The issue doesn't seem so dramatic to LouAnn Linehan, Sen. Hagel's chief of staff. She says Hagel has never tried to hide his ties to ES&S and that Harris' claims about the senator run from "inaccurate" to "outrageous." Says ES&S spokesperson Megan McCormick: "Misinformation and inaccuracies were posted on Bev Harris' Web site. Because of the extent of the misinformation, ES&S expressed through an outside attorney its concern and requested correction."

While untangling the specifics of this debate would take an entire article, there's no doubt that jousting with ES&S and Hagel got Harris hooked on the topic. Although she couldn't interest mainstream publishers in the subject, David Allen, a former systems engineer turned comic-book publisher, became intrigued with her research. Soon, Harris had a contract with Allen's Plan Nine Publishing for the company's first non-comic book.

Publisher Allen's technical expertise proved to be vitally important. He urged Harris to get a copy of a technical manual for an electronic voting machine. Harris started surfing the Web. On Jan. 23, 2003, she hit the mother lode. On an unprotected Web site, she found 40,000 files of Diebold Election Systems' source code—the guts of software to run touch-screen voting machines. At first, Harris wasn't sure what all the weird files were, so she called Allen and directed him to the site. What are we looking at? she asked. "Incredible stupidity," he replied.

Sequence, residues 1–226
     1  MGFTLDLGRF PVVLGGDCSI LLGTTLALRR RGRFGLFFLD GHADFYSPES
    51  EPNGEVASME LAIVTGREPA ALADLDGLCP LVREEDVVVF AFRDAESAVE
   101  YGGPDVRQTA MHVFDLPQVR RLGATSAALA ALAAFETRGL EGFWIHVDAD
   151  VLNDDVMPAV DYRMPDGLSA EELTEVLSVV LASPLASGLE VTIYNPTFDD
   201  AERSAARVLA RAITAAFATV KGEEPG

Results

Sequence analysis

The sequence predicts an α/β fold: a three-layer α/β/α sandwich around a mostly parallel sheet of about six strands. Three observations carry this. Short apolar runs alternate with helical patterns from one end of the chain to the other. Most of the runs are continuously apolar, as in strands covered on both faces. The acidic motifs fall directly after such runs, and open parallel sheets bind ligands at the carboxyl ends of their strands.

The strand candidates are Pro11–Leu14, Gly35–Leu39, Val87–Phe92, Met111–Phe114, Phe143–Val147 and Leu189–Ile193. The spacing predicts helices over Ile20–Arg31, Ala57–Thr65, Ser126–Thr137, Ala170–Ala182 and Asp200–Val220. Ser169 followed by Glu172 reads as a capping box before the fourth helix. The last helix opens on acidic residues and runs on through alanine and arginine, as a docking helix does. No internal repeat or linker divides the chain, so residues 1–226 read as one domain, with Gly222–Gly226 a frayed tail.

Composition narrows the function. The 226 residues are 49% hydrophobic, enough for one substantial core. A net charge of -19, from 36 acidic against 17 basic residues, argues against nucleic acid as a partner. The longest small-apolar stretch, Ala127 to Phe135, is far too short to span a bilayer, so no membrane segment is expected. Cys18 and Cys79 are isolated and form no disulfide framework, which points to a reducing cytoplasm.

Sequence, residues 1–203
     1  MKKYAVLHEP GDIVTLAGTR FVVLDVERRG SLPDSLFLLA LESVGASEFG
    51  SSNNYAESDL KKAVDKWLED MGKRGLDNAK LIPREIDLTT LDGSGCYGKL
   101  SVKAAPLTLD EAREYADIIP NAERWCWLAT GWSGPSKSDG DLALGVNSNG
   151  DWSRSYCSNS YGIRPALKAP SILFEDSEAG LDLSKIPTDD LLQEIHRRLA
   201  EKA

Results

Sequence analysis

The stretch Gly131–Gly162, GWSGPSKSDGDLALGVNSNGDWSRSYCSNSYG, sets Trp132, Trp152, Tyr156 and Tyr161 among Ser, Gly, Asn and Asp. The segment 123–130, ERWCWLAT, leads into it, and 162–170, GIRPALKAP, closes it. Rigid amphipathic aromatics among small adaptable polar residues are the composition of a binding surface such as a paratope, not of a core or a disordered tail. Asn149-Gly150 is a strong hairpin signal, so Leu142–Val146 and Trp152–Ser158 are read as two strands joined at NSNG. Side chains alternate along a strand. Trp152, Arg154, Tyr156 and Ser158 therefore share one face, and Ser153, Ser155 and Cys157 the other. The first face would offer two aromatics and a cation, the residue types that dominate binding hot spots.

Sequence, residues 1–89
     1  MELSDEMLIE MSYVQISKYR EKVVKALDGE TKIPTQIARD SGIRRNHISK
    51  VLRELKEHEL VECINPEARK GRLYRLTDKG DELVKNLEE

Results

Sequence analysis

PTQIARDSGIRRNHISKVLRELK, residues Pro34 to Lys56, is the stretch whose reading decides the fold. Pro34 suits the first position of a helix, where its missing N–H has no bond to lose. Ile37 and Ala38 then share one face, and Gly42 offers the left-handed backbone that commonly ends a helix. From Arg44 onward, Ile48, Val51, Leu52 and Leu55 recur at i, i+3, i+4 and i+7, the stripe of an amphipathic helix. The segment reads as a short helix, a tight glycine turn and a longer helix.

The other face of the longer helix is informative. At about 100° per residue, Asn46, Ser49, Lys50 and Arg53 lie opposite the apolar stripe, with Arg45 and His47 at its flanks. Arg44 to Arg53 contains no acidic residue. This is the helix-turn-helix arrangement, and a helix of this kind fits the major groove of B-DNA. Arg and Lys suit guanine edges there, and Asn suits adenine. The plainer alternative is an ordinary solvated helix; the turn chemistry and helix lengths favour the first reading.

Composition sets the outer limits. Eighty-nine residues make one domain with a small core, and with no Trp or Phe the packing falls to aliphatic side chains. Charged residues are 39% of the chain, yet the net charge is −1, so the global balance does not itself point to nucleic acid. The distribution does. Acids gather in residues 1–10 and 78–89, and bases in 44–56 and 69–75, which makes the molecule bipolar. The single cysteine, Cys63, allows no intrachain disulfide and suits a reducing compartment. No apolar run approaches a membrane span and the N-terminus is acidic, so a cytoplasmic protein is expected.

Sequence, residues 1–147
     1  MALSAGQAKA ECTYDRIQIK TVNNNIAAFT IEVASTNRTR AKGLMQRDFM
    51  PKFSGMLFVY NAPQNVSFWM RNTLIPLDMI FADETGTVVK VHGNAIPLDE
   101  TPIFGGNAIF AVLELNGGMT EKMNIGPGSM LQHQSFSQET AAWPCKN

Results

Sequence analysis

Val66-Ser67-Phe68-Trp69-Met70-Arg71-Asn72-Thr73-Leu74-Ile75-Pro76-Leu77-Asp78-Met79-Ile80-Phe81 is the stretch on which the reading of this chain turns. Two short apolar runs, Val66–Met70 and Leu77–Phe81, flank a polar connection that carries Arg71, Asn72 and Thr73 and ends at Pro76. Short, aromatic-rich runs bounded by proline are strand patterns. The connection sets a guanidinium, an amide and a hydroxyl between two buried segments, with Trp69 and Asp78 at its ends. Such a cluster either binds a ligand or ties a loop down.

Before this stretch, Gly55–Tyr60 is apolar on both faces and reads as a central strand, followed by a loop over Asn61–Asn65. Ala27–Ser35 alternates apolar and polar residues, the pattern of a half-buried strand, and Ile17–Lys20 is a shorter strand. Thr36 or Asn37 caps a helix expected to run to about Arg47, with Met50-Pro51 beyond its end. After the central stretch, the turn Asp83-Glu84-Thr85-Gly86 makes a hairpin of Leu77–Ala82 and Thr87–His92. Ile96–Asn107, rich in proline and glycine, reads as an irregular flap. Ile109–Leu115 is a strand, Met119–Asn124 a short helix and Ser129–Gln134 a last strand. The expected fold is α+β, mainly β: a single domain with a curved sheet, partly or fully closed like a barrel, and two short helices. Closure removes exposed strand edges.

And how. It is remarkable what people "accidentally" end up posting on the internet, but this was a DOOZY:

Diebold is an Ohio-based company with more than $2 billion in annual revenue that was founded in 1859 and makes ATMs and security systems, among other things. In 2002, Diebold got into the election business when it bought Global Election Systems. Diebold is a relatively small player in the industry, with only 33,000 of its voting stations in use across the country, but it is coming on strong. In 2002, Diebold landed a $54 million contract from Georgia that included 19,000 new voting machines. The following year, Maryland signed a $55.6 million contract for 11,000 new machines.